Dennis Jacobe, Chief Economist, Gallup
April 09, 2013 | 5 Comments
No fewer than two in three Americans want the U.S. to put more emphasis on producing domestic energy using solar power (76%), wind (71%), and natural gas (65%). Far fewer want to emphasize the production of oil (46%) and the use of nuclear power (37%). Least favored is coal, with about one in three Americans wanting to prioritize its domestic production.
Democrats' and independents' top choice is solar power, while natural gas places first among Republicans. Republicans and Democrats disagree most on the priority that should be given to oil as a future energy source -- with 71% of Republicans wanting more emphasis placed on it, compared with 29% among Democrats. Republicans are also much more supportive than Democrats of coal (51% vs. 21%) and nuclear power (49% vs. 30%).
Where Americans live makes a difference in their views about which sources of domestic energy they want the U.S. to emphasize more. Those living in the South tend to be more supportive of traditional energy sources such as oil and coal than are those in other regions.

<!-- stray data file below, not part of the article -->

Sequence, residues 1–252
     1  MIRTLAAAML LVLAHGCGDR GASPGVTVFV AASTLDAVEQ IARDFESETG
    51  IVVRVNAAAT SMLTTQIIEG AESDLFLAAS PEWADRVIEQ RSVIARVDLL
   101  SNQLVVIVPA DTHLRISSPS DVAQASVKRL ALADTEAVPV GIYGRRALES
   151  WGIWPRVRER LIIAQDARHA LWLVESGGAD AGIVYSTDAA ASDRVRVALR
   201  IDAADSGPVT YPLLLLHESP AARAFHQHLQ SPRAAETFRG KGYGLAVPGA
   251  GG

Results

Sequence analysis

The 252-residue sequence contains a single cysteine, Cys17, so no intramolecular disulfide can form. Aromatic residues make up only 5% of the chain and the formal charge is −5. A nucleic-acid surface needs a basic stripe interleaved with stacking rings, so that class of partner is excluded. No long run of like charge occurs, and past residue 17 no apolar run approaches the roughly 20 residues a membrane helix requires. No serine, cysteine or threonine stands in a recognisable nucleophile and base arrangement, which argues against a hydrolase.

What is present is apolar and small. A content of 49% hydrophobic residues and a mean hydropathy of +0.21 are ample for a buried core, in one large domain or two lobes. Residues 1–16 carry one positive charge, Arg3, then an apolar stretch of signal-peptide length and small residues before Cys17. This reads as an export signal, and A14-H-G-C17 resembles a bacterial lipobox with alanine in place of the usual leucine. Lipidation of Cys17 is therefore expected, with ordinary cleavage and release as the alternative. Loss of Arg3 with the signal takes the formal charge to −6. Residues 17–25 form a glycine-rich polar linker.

Still, for Americans in every region, including the South, solar power is the top choice, or is tied for the top spot, among the energy sources tested.
The United States has a great opportunity to accelerate its economic growth over the next several years by emphasizing and fully using its enormous energy riches to produce domestic energy. But there has been no consensus among Americans about how to optimize domestic energy production while preserving the environment.
Americans overall and across political and socioeconomic groups generally are most likely to call for more emphasis on solar and wind power -- but these potential future sources of energy have a long way to go in terms of technology and affordability before they can significantly affect overall U.S. domestic energy production. On the other hand, Americans are sharply divided politically over achieving greater domestic energy production using more traditional energy sources such as oil, coal, and nuclear power.
This leaves natural gas, which 59% of Democrats, 62% of independents, and 79% of Republicans say should have more emphasis in the U.S. The technology exists to allow natural gas to become a more significant contributor to U.S. domestic energy production. But questions remain about the safety of "fracking technology" -- meaning public support may not be enough to increase the U.S. emphasis on this energy source.
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